|Tests||Petroleum ether leaf||Methanol leaf||Petroleum
|Test for Alkaloids|
|1. Dragendroff’s test||Positive||Positive||Positive||Positive|
|2. Wagner’s test||Positive||Positive||Positive||Positive|
|Test for carbohydrates|
|1. Barfoed’s test||Positive||Positive||Positive||Positive|
|Test for Flavonoid|
|1. Sulphuric acid test||Negative||Negative||Positive||Positive|
|2. Lead acetate test||Positive||Positive||Positive||Positive|
|Test for saponins|
|1.Froth formation test||Negative||Negative||Negative||Negative|
|Test for tannins and phenolic compounds|
|1. Ferric chloride test||Positive||Positive||Positive||Positive|
|2. Lead acetate test||Positive||Positive||Positive||Positive|
|3. Gelatin test||Positive||Positive||Positive||Positive|
|Test for glycosides|
Table 1: Phytochemical Screening of Leaf and Stem Extract of L. Crustacea
|S. No||Bacterial strains||Petroleum ether leaf extract||Methanolic leaf extract||Petroleum ether stem extract||Methanolic stem extract|
|25 µg/ml||50 µg/ml||75 µg/ml||100 µg/ml||25 µg/ml||50 µg/ml||75 µg/ml||100 µg/ml||25 µg/ml||50 µg/ml||75 µg/ml||100 µg/ml||25 µg/ml||50 µg/ml||75 µg/ml||100 µg/ml|
Table 2: Antibacterial Activity of Leaf and Stem Petroleum Ether and Methanolic Extracts of L. Crustacea
|Time (min)||Test dose||Test dose||Test dose||Standard|
|(25 µg/ml)||(75 µg/ml)||(100 µg/ml)||(15 µg/ml)|
Table 3: Anthelmintic Activity of Methanolic Extract of L. Crustacea Leaf
The compounds were identified by their molecular peaks and retention time as shown in fig. 1 and Table 4 respectively. A novel approach has been performed for quantification of the plant. LC-MS interpretation was performed using standard spectrum database. LC-MS chromatogram is shown in fig. 2. It was found that five different constituents were identified which were further separated to estimate their amount of percentage in the plant part. All the identified compounds were chloro and nitro derivatives as shown in Table 5. In the present study, petroleum ether and methanolic extracts of leaf and stem of the plant were investigated for antibacterial activity and methanolic extract of leaf for anthelminthic activity. The extracts did not show antibacterial activity. However, it can be further investigated against other bacterial and fungal strains. There was promising anthelminthic activity which was dose dependant. Earthworms are used widely for initial in vitro anthelminthic investigation studies. The anthelminthic activity can be attributed to the presence of phenolic compounds and tannins in the extract. Polyphenolic compounds and tannins in general show anthelminthic activity. Some synthetic phenolic antihelminthics for e.g. Niclosamide, oxyclozanide and Bitionol are shown to interface with energy generation in helminth parasites by uncoupling oxidative phoshorylation. The effect of albenzadole on the worms is to cause flaccid paralysis those results in expulsion of the worms by peristalsis. It acts by increasing chloride ion conductance of worm muscle membrane producing hyperpolarisation and reducing excitability which leads to muscle relaxation and flaccid paralysis. A novel approach has been performed for quantification of the plant. The LC-MS analysis of the extracts revealed the presence of number of compounds which were evident by their molecular peaks. However further isolation and characterisation of the compounds can be carried out. Antibacterial activity was not found in both stem and leaf extract. This may be due to resistance of extract to the specific microorganisms used in procedure. However, the extracts can be tested for antimicrobial activity by using other strains of gram positive and gram negative bacteria. The leaf methanolic extract of L. crustacea showed significant anthelminthic activity at all the tested doses when compared to control as vermifuge and vermicidal drug while the highest activity was shown at the highest concentration (100 μg/ml). Hence, this plant can be an alternative source of anthelmintic drug and can generate new active leads. The LC-MS analysis showed the presence of various compounds which may be responsible for anthelminthic activity.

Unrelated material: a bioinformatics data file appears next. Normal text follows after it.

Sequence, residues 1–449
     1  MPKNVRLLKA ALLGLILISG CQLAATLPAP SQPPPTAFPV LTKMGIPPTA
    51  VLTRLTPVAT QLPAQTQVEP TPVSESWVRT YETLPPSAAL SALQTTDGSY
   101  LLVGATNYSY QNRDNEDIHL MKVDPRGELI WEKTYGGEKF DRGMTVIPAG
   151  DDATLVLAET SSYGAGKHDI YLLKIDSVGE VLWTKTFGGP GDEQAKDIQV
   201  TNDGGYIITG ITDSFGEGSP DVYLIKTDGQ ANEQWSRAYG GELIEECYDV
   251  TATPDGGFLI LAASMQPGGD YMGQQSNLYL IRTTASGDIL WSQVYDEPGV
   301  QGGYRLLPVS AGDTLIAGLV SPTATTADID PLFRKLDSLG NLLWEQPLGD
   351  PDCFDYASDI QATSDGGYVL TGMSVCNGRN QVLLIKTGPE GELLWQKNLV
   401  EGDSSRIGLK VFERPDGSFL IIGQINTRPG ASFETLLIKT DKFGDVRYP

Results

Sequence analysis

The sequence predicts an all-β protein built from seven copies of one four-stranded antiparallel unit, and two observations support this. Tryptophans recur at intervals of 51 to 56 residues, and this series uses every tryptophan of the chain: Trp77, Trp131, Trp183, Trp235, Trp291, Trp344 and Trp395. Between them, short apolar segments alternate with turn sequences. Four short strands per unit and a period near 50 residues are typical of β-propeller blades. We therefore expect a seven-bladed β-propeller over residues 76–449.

|S. No||Name||Rt||Area||Height||USP plate count||USP Tailing||Percentage Found|
|1||Component 1||0.526||34724||58631||5043||1.1||25.38 %|
|2||Component 2||1.342||25080||34821||5432||1.2||18.33 %|
|3||Component 3||2.815||34536||58451||5987||1.4||25.24 %|
|4||Component 4||4.823||24866||34710||5845||1.2||18.17 %|
|5||Component 5||5.378||17574||21247||5371||1.1||12.84 %|
Table 4: Retention Time (rt) of Methanolic Leaf Extract of L. Crustacea
|Observed ion mass (Da)||Proposed formula||Predicted Name||Predicted Structure||Calculated Weight|
|347||C10H13Cl3NO2PS||O-Ethyl O-(2,4,6-trichlorophenyl) ethylphosphoramidothioate||348.61|
Table 5: Elemental Analysis of Leaf Extract of L. Crustacea
We are thankful to Dr. Nadeem Fatima, Head, Department of Biotechnology, Anwarul Uloom PG College, Hyderabad, India and Mrs. Sameena, Assistant Professor, Anwarul Uloom College of Pharmacy, India for providing research facilities for antimicrobial studies.
Conflicts of interest:
The authors declare that they have no conflicts of interest.
- Iwu MW, Duncan AR, Okunji CO. New Antimicrobials of Plant Origin in. Perspectives on New Crops and New Uses. In: Janick J ed. Plant Breeding Reviews, ASHS Press, Alexandria, Virginia; 1999.
- WHO Traditional Medicine Strategy. World Health Organization. Geneva; 2002.
- Sridhar N, SuryaKiran BVVS, Sasidhar DT, Kanthal LK. In vitro Antimicrobial screening of methanolic extracts of Cleome chelidonni and Cleome gynandra. Bangladesh J Pharmacol 2014;161-6.
- Rajkumar K, Malathi R. Phytochemical investigation GC-MS analysis and in vitro antimicrobial activity of Coleus forskohlii. Bangladesh J Pharmacol 2015;10:924-30.
- Medina AL, Lucero ME, Holguin FO, Estell RE, Posakony JJ, Simon J, et al. Composition and antimicrobial activity of Anemopsis californica leaf oil. J Agric Food Chem 2005;53(22):8694-8.
- Romero CD, Chopin SF, Buck G, Martinez E, Garcia M, Bixby L. Antibacterial properties of common herbal remedies of the southwest. J Ethnopharmacol 2005;99(2):253-7.
- Saha MR, Debnath PC, Rahman MA, Anwarulislam M. Evaluation of in vitro anthelminthic activities of leaf and stem extracts of Justicia gendarussa. Bangladesh J Pharmacol 2012;7(1):50-3.
- Vigar Z. Atlas of medicinal of parasitology. P. G. Publishing house, Singapore; 1984. p. 217.
- Usher G. A dictionary of plants used by Man. London: Constable & Company Ltd.; 1974.
- Marina S, Jatna S, Eko BW, Nisyawati N. Local Knowledge of Medicinal Plants in sub-ethic Batak Simalungan of North Sumatra, Indonesia. Biodiversitas 2015;5:45-54.
- Williams CJ. Medicinal Plants in Australia; 2013.
- Swapna MM, Prakash KR, Anoop KP, Manju CN, Rajith NP. A review on the medicinal and edible aspects of some aquatic and wetland plants of India. J Med Plant Res 2011;5(33):7163-76.
- Smriti Rekha CD, Ahmed AB, Saha D, Chanda I. Scientific Evidence of Lindernia crustacea (L) F. Muell, an indigenous plant: folklore medicine used traditionally. Int Res J Pharm 2019;10(1):176-83.
- Barusrux S, Preeyakul NW, Chaiyanan PPP, Khamphio M, Tanthanuch W, Thummanu K. Investigation of Anticancer activity of Lindernia crustacea (L.) F. Muell. var. Crustacean. Walailak J Sci Tech 2019;16(5):307-17.
- Smriti Rekha CD, Ahmed AB, Shil D, Chanda I. Isolation and In vitro Antioxidant activity of Flavanoid from Lindernia crustacea (L) F. Muell. Asian J Pharm Clin Res 2019;12(6):289-93.
- Tsai ML, Lin CX, Lin WC, Yang CH. Antimicrobial, antioxidant and anti-inflammatory activities of essential oils from five selected herbs. Biosci Biotechnol Biochem 2011;75(10):1977-83.
- Chiranjeevi U, Kamarajan K, Manna PK. Investigation of in vitro anthelmintic activity of Lindernia madayipaarense. Res J Pharm Tech 2018;11(1):183-6.
- Kokate CK, Gokhale SB. Practical Pharmacognosy; 2009.
- Mukti RF, Chowdhury MMK, Nahid MA, Rahaman MM. Antibacterial activity and physicochemical Property of Florally diversified Bangladeshi Honey. Bangladesh J Microbiol 2016;33.
- Sobiyi OK, Ashafa OT. In vitro anthelminthic activity of Heliotropium indicum, Senna fistula and Spigelia anthelmia used as worm expeller in South West Nigeria. Bangladesh J Pharmacol 2015;10(2):417-22.
- Hemamalini K, Rajani A, Reddy UV, Sundari ER. Anthelminthic activity of Methanolic leaf extract of Sophora interrupta. Int Res J Pharm 2013;4(8):148-50.